At the heart of ‘The Trusted Advisor’ is The Trust Equation, which Maister and his co-authors use to illustrate how the ‘four realms’ of trust interact, to answer questions like: ‘My client knows I am credible and reliable, so why doesn’t my client trust me?’. Trust (T), they argue is the result of four factors: Credibility (C), Reliability (R), Intimacy (I), and Self-orientation (S).
T = (C + R + I ) / S
But trust, they say, is not about knowing and it is not about tactics: it is all about attitudes and character. People will trust you if you show an interest in them, demonstrate a genuine desire to help them, and have a low self-orientation – that is, you are less interested in yourself than in them. Excellence, Maister says, arises from acting according to agreed principles and values, which also build trust (through reliability – or being predictable in your ethical choices).
Here is the first link: A high trust business will experience high growth. Trust is the best business strategy.
2. Business Strategy
Maister observes that many professional services firms in the same market will often have near-identical strategies. So what will determine which one wins, competitively. Since they are all smart, it isn’t the choice of customers, products, services or marketing: it is the drive and commitment to implement the strategy effectively. And this comes from people and how the leaders of the business manage and lead them.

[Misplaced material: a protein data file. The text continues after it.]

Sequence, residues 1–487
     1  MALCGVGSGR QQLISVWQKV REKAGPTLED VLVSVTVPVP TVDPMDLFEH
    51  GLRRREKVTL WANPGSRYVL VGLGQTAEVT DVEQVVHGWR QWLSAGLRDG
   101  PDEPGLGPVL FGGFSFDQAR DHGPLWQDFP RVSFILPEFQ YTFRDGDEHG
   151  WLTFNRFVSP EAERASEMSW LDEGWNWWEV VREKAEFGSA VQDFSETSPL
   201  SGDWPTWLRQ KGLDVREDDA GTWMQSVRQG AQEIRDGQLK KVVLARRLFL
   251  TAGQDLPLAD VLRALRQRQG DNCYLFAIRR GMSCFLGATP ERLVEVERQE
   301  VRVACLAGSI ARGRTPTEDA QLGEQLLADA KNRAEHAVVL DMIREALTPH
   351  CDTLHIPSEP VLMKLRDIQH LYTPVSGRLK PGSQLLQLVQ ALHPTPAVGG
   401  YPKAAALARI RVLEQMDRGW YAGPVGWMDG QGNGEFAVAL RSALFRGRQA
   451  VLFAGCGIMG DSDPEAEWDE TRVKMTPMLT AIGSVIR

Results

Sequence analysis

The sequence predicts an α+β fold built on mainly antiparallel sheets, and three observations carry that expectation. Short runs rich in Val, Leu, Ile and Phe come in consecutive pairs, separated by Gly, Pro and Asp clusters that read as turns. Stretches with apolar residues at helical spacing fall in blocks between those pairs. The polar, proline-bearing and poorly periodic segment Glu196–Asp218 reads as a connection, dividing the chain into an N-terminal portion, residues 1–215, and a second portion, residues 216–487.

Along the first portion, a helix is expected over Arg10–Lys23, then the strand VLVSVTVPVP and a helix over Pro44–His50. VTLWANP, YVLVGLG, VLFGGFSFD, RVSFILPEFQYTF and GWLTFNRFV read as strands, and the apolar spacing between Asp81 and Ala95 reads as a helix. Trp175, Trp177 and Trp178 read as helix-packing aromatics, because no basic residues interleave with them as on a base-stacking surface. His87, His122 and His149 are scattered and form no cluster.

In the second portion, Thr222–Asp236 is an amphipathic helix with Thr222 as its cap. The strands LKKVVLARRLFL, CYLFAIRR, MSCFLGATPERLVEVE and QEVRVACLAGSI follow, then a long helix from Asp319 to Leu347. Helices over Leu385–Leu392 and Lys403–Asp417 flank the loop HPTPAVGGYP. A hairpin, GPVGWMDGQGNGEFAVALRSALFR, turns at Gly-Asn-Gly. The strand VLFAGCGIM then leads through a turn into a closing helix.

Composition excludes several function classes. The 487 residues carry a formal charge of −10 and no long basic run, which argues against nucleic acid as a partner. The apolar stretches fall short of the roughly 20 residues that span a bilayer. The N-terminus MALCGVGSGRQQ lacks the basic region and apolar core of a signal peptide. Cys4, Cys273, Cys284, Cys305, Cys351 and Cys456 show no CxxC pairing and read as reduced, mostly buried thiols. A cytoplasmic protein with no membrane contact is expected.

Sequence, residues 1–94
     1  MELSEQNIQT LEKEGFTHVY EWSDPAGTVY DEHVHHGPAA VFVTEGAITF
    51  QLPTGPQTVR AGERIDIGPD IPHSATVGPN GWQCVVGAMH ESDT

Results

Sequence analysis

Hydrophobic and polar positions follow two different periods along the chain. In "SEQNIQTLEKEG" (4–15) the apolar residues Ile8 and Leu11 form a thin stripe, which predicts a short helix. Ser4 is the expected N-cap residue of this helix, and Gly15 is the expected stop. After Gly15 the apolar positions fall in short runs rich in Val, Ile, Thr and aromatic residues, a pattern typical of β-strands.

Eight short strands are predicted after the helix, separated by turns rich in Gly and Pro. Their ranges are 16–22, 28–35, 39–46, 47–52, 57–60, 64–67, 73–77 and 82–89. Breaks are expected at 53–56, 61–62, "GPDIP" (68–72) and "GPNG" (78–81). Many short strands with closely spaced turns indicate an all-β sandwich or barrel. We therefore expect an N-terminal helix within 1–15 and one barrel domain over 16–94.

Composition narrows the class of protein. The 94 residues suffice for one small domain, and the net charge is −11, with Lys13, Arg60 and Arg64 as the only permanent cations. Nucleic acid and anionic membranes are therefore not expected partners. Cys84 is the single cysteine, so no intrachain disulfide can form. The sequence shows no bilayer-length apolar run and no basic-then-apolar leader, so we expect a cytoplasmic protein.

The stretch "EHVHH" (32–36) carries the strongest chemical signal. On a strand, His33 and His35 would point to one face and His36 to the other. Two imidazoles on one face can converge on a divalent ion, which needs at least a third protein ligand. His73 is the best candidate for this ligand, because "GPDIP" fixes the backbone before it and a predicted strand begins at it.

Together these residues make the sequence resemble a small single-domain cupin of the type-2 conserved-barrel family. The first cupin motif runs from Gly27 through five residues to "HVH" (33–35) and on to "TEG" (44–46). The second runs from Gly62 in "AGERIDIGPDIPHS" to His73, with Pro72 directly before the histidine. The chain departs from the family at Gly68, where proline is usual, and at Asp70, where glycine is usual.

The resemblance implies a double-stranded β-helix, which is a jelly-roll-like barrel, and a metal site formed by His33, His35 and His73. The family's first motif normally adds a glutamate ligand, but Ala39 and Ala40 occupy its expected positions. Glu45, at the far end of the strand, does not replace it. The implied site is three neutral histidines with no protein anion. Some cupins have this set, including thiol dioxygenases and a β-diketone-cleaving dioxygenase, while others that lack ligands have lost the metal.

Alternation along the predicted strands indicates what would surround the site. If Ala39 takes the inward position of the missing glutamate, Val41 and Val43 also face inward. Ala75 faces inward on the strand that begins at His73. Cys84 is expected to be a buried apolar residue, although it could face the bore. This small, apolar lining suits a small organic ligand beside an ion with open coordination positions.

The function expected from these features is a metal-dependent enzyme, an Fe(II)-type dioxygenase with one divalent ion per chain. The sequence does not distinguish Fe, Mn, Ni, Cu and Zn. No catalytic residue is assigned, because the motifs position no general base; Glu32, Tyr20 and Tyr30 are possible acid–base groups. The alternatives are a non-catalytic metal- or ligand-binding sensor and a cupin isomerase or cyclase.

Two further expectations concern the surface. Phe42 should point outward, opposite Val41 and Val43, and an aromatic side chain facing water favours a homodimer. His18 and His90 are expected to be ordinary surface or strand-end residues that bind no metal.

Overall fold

Here is the second link: To deliver a business strategy, you need energy, excitement and enthusiasm from your team
Management is about people, passion and principle. Maister says that one-on-one management is the only real managerial activity, because this is the only way to properly engage with people. A manager’s agenda must be to create a great place to work, rather than working at building their own career: that will follow.
In an article published in 2002 (Business: The Ultimate Resource), Maister sets out 13 rules on which successful managers model their behaviour. I have selected some of my personal favourites:
Act as if not trying is the only sin
Act as if you want everyone to succeed
Understand what drives individuals
Know all your people as individuals
Here is the third link:Management is about doing what’s right over the long term for your clients and people. This is the route to great client service.
4. Client Services